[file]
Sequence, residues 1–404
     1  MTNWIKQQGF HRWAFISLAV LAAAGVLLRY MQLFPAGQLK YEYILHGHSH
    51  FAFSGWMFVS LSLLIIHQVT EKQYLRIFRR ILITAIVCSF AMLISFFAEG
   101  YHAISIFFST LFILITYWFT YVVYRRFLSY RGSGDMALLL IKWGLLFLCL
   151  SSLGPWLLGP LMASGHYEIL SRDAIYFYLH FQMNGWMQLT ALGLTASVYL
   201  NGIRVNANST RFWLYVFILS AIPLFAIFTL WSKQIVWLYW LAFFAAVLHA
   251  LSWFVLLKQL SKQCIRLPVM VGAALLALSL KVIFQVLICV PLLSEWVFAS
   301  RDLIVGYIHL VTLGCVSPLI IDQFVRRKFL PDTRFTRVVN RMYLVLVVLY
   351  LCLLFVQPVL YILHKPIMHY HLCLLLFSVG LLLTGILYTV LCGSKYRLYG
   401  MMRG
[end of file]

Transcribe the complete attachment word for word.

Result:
Sequence, residues 1–404
     1  MTNWIKQQGF HRWAFISLAV LAAAGVLLRY MQLFPAGQLK YEYILHGHSH
    51  FAFSGWMFVS LSLLIIHQVT EKQYLRIFRR ILITAIVCSF AMLISFFAEG
   101  YHAISIFFST LFILITYWFT YVVYRRFLSY RGSGDMALLL IKWGLLFLCL
   151  SSLGPWLLGP LMASGHYEIL SRDAIYFYLH FQMNGWMQLT ALGLTASVYL
   201  NGIRVNANST RFWLYVFILS AIPLFAIFTL WSKQIVWLYW LAFFAAVLHA
   251  LSWFVLLKQL SKQCIRLPVM VGAALLALSL KVIFQVLICV PLLSEWVFAS
   301  RDLIVGYIHL VTLGCVSPLI IDQFVRRKFL PDTRFTRVVN RMYLVLVVLY
   351  LCLLFVQPVL YILHKPIMHY HLCLLLFSVG LLLTGILYTV LCGSKYRLYG
   401  MMRG